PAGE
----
“The second use case is optimizing the company’s profit. There have been instances around the world where you can look at the customer’s search history and accordingly change your price to offer an instant discount and drive sales. This requires AI and ML at the backend to help actuaries with instant pricing capabilities," he added.

The boon and bane of digital transformation is data!

“If data is used correctly, it is a boon. If there are challenges with it, it becomes a bane. Historically, we used to think about the processing time so only a limited set of information used to be captured. Now, as things are evolving, we need to bring in more fields and get processes to ensure that the data we are capturing is correct. Earlier, this data used to be served on a physical server. But because of the quantum of data, we are exploring options like cloud storage. We need to use the best technologies and use data which is accurate," said Malhotra.

These new technologies help sort out the data deluge available out there and create a consolidated model to make future predictions from. “Actuaries need ways to perform fast prototyping by just clicking models together in order to see if a detailed modelling is worth it. Using easy to use ML tools, actuaries can easily challenge their productive GLM models with ML models, compare them and derive insights for further improvement of the productive model," feels Michael Rabin, Customer Advisory Insurance Industry (SAS DACH).

The use has already begun and the impact is visible! AI and ML are also being used to pilot new products being introduced into the market based on intelligent studies on customer behavior patterns. “On the pricing side, AI and ML are doing a wonderful job in India and globally: From an analysis perspective, putting some of these findings into an explainable AI to the regulator, and finally taking it to the final frontiers of customer sales. That’s already happening and I feel that the pace is only going to keep on increasing as we go along," said Mehul A Shah, Appointed Actuary and Chief Risk Officer (Kotak General Insurance).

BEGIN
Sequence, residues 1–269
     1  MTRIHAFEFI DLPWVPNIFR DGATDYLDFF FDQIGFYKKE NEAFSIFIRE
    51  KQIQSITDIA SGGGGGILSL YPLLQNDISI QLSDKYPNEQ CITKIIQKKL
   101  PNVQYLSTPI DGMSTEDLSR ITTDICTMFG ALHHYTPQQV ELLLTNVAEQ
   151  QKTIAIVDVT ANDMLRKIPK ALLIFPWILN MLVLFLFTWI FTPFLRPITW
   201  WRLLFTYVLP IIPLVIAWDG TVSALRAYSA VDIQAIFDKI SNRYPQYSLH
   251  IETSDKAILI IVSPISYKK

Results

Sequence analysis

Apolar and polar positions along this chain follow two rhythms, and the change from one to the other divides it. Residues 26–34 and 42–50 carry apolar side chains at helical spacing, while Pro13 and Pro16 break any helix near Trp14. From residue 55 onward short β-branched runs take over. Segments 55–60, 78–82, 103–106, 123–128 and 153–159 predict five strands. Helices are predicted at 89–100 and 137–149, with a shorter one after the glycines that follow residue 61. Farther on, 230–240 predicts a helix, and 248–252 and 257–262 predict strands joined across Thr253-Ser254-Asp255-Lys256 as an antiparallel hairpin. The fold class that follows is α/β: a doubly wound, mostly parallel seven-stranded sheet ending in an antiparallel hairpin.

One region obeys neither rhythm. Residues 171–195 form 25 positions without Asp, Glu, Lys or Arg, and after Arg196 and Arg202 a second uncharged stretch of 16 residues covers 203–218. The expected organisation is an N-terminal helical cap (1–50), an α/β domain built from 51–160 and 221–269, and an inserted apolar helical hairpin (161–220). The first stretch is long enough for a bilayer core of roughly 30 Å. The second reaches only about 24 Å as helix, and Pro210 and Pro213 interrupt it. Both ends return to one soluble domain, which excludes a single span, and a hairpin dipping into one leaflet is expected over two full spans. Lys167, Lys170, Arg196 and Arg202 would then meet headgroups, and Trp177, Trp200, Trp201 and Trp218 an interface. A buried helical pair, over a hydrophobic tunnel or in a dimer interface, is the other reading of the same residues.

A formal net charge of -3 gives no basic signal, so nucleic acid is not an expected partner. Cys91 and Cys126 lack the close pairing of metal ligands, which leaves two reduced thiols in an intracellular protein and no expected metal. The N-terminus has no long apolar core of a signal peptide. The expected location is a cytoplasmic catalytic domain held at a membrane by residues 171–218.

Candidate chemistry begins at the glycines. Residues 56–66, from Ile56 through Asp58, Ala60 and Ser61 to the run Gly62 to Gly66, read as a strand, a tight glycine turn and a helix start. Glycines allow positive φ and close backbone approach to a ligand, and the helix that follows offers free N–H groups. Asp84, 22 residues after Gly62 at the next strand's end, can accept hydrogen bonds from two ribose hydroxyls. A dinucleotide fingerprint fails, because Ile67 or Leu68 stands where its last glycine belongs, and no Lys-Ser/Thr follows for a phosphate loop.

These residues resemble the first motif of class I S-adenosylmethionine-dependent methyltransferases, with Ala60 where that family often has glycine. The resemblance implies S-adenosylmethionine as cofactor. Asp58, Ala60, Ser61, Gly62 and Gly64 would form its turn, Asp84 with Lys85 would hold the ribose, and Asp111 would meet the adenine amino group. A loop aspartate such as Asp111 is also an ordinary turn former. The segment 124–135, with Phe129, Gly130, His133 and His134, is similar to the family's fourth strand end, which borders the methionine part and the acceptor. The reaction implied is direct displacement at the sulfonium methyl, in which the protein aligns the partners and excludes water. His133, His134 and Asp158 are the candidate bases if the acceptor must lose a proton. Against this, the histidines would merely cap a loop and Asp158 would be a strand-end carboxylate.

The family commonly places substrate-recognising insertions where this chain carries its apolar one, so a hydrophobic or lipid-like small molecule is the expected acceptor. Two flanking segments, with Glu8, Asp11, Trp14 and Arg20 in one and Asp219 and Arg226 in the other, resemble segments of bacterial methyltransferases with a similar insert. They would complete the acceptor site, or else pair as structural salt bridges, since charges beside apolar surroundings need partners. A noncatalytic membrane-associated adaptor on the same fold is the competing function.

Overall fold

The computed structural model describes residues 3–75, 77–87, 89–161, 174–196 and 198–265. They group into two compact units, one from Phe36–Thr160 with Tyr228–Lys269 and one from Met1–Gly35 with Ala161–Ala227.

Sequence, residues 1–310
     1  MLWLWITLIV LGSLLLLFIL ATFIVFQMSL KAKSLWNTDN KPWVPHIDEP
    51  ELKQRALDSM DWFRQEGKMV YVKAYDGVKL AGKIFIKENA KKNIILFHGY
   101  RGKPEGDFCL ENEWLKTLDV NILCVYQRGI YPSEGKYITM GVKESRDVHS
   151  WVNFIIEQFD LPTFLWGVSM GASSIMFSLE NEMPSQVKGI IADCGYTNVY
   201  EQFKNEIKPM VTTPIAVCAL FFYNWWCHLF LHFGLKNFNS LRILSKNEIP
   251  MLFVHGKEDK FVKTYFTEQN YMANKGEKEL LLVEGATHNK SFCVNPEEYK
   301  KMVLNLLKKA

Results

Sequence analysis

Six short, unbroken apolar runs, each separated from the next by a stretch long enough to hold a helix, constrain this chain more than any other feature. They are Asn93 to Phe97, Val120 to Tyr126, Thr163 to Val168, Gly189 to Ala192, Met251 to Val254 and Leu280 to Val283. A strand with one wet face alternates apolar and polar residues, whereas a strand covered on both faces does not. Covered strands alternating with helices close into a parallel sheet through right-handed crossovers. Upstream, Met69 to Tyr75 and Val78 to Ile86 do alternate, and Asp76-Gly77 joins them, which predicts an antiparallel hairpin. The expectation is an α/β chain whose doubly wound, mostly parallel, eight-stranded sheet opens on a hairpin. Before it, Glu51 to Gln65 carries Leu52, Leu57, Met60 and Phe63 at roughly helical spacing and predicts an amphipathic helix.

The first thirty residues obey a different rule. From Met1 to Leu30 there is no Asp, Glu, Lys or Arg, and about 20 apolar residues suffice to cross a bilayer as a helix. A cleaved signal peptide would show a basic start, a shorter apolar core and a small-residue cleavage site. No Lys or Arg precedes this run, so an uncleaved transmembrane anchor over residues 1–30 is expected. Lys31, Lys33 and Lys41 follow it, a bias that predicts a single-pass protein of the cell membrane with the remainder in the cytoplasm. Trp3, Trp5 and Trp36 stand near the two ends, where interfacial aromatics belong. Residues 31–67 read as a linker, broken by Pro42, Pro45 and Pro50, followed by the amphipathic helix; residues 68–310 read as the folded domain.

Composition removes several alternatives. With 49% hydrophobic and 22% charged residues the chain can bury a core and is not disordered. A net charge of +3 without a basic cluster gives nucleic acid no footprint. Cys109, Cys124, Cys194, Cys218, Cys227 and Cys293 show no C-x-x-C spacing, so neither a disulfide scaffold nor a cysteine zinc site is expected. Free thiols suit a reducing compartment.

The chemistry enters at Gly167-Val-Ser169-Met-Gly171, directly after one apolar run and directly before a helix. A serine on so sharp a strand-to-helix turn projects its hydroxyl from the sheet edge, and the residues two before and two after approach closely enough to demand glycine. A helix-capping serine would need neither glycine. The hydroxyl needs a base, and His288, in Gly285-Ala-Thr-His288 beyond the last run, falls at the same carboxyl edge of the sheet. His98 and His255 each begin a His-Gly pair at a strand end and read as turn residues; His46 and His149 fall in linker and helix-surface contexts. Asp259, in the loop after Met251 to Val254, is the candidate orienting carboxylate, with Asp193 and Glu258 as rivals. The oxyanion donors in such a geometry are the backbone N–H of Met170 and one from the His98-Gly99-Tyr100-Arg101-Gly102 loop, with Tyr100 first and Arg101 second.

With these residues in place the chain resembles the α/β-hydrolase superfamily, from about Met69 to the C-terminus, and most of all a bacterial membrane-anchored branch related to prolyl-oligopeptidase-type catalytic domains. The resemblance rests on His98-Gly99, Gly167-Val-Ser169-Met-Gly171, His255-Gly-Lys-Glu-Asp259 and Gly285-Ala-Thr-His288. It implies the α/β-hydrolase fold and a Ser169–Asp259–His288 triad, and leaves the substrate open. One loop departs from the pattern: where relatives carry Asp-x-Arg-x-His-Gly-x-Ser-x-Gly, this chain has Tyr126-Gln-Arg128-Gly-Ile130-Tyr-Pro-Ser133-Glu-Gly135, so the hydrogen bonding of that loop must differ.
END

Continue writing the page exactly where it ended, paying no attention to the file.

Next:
Industry leaders like SAS are gearing up to bring AI and ML closer to the actuarial fraternity. “The philosophies of the classic rituals of actuaries and ML are completely different. While one is hypothesis driven and very transparent, the other is data driven and often difficult to interpret. And due to these different philosophies, actuaries seek guidance and professional confidence when they use these methods. So, this is how SAS approaches it. We are helping actuaries in different dimensions," said Dr. Andreas Becks, Head of Consumer Advisory Insurance (SAS DACH). Insurers were among the first customers for SAS back in 1976.

The road map ahead

The pandemic has led to a sudden surge in demand for catastrophic covers like what was seen right after 9/11. “I think the industry has taken the pandemic like an opportunity. A lot of work from home has been successful. That’s a big positive. Lowering of costs will definitely affect the insurance penetration in the country, which is dismal," Sharma concluded.

Want to know more about the evolving role of Actuaries in the digital era? Watch the full episode and hear what our thought-leaders had to say.

Subscribe to Mint Newsletters
* Enter a valid email
* Thank you for subscribing to our newsletter.

Click here to read the Mint ePapermint is now on Telegram. Join mint channel in your Telegram and stay updated

Close
×
My Reads Redeem a Gift Card Logout